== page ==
SMTP Authentication

Hello everyone.

I am back with some more email security!

Today I’d like to talk about SMTP Authentication.
Some people may never have heard of this concept or may have simply ignored it as it seemingly may not feel that important.

However, in certain situations one may need to make use of SMTP Auth for email.

SMTP Authentication

SMTP Authentication - Outgoing Emails

SMTP Authentication – Outgoing Emails


As shown above in the diagram.

SMTP Auth is fairly simply to use for all incoming or outgoing emails.

Essentially, a machine has to authenticate with the central mail server.

The authentication can be done in various ways.

You can normally query LDAP, Active Directory, or some other identity management system as well as store the credentials on the mail server (not recommended).

How Does It Work?

What happens is Server A sends in a requests to Server B with a SMTP Auth command.

The mail server then will establish a connection (hopefully an encrypted TLS 1.2 connection)  and ask for credentials. The account/credentials needs to exists on the email server or in your identity management system.
Once the credentials have been submitted and verified, the email system will then allow the email through to your internal mail server (exchange, hmailserver, etc..)

Why Do I Need It?

So why would we ever want to authenticate any type of emails?

Well, for starters you may have machines outside your network or out in the cloud.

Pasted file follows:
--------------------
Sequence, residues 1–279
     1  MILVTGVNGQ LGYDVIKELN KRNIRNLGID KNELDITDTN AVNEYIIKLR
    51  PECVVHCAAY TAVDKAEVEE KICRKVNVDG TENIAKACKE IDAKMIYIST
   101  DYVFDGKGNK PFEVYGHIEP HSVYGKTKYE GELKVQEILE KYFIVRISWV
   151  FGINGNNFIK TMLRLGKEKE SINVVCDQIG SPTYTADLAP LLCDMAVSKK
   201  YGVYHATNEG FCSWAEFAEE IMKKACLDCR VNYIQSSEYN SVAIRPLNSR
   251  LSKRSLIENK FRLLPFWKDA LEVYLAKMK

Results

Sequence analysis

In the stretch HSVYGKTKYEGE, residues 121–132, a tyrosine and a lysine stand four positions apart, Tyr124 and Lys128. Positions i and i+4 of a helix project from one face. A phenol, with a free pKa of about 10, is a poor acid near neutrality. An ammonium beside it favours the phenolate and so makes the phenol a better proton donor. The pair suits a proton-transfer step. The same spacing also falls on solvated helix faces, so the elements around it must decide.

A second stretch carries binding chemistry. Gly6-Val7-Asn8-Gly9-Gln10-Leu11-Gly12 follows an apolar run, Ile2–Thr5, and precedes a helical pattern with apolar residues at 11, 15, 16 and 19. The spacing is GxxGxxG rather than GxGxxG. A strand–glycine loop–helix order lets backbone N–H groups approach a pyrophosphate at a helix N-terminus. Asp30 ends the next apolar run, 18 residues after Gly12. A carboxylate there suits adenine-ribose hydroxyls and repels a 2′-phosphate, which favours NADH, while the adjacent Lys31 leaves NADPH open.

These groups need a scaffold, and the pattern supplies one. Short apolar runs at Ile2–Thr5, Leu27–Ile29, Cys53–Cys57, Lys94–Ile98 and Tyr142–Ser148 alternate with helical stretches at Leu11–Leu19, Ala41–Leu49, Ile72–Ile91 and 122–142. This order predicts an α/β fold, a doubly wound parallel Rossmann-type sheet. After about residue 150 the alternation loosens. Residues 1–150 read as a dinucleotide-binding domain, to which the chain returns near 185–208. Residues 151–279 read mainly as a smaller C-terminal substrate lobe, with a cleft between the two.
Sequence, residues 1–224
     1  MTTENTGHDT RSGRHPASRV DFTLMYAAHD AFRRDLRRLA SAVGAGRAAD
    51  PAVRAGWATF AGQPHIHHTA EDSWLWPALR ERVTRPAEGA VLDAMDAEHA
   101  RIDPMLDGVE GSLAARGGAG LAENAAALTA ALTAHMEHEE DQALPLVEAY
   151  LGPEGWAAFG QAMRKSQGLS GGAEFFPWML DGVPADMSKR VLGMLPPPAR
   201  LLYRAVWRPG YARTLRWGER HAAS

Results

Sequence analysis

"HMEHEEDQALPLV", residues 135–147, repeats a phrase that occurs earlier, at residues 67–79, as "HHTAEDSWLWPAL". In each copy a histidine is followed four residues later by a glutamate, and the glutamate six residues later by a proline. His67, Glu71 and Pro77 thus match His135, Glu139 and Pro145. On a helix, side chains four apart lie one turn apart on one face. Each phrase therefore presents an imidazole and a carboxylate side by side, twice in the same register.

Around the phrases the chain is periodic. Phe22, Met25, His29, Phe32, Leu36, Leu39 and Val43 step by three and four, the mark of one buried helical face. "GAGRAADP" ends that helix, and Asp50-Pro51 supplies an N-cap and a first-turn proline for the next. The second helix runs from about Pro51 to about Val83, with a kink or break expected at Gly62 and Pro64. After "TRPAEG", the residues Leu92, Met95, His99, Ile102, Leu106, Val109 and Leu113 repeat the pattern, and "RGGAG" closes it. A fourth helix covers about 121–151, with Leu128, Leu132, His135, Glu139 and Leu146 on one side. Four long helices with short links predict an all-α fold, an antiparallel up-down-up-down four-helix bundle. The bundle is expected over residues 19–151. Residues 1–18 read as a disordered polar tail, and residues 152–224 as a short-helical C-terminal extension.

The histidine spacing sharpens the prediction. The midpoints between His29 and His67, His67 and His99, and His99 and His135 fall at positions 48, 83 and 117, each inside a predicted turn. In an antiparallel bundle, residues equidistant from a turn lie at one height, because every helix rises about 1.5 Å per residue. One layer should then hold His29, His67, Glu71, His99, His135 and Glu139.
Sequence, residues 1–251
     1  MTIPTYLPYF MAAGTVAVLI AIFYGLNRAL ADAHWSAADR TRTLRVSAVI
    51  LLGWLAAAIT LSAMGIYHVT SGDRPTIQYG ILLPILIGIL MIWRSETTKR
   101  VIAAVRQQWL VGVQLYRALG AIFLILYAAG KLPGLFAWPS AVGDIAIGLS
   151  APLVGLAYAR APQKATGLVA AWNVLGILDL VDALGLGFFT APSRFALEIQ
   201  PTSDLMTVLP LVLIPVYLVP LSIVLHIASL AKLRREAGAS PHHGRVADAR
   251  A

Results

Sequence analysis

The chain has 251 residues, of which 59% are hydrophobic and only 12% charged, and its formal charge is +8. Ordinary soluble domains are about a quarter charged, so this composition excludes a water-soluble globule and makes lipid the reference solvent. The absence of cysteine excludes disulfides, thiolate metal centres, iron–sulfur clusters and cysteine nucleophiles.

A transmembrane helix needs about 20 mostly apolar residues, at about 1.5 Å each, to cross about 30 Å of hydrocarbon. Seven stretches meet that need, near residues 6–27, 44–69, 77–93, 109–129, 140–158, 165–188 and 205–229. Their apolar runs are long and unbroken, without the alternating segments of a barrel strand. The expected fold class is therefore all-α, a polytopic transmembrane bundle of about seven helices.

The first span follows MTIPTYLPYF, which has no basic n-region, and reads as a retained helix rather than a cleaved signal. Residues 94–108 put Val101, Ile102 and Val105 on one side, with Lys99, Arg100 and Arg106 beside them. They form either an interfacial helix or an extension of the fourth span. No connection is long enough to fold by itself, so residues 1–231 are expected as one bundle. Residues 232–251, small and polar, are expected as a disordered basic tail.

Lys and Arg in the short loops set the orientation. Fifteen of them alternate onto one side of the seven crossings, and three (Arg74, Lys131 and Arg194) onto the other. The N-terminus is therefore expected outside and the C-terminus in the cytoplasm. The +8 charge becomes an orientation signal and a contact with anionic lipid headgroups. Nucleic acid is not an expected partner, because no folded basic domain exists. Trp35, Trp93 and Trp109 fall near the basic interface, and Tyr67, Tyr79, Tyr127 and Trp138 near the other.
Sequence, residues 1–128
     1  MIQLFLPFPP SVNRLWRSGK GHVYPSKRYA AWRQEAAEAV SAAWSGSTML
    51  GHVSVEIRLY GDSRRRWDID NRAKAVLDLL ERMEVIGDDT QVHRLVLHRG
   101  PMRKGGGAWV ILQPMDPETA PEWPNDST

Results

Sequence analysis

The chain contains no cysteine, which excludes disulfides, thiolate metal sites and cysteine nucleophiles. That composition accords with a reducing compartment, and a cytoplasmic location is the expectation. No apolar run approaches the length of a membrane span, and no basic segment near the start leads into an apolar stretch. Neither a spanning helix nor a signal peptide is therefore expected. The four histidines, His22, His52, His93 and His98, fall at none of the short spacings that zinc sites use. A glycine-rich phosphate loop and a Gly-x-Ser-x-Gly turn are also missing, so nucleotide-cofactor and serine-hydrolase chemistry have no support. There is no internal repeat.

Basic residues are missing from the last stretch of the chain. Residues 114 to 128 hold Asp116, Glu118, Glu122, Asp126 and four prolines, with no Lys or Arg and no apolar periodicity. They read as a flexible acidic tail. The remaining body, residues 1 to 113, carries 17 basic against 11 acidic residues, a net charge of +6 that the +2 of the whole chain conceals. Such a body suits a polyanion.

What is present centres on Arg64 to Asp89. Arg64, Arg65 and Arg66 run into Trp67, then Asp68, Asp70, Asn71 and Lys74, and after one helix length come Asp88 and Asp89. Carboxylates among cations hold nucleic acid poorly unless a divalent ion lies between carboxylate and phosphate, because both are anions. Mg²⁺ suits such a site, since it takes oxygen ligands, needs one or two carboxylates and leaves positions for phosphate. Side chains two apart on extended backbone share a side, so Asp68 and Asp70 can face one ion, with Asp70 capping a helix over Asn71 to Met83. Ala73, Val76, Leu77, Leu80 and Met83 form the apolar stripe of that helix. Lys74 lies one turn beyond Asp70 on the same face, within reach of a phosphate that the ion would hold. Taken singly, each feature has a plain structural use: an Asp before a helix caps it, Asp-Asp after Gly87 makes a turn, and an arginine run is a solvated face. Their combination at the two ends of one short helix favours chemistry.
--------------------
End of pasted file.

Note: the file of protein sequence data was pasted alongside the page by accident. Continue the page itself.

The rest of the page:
Now you wouldn’t just want to give them full access to your email systems. In fact, some email servers allow outgoing emails to be relayed based off the IP address.

While that approach might be some what useful, it also means if that the IP address or server was ever compromised or spoofed. Then, someone could potentially have access to send outgoing emails through your mail servers. This gives an attacker a chance to spoof emails out from your email system. Or, even send out spam emails and cause your company and business IP addresses to become blacklisted.

SMTP Auth was created to stop spammers from gaining relay access, and impersonating users from an organization. Image if you could send out emails from a microsoft server as [email protected] We can all say Bill would not be a happy camper! eh Bill?

There is incentive to make use of SMTP Auth for email servers that you own or trust. However, this won’t be the case for most email servers and emails that users receive. We receive and send emails on a daily basis and cannot assume all email servers can be trusted. But, SMTP is a great way to secure emails when you trust specific email servers.

Will I Be Secure With SMTP Auth Enabled?

Also remember that SMTP Auth does not guarantee authenticity. If your credentials are compromised and the IP address is spoofed. It is possible for someone to compromise your email server and other aspects that may allow access with that account. Think of SMTP as a layer of security, but don’t solely rely on it to protect you.

Well, that’s all for this blog, as I wanted to keep it simple and short.

Try SMTP out and see for yourself, and if you run into any issues feel free to leave a comment.

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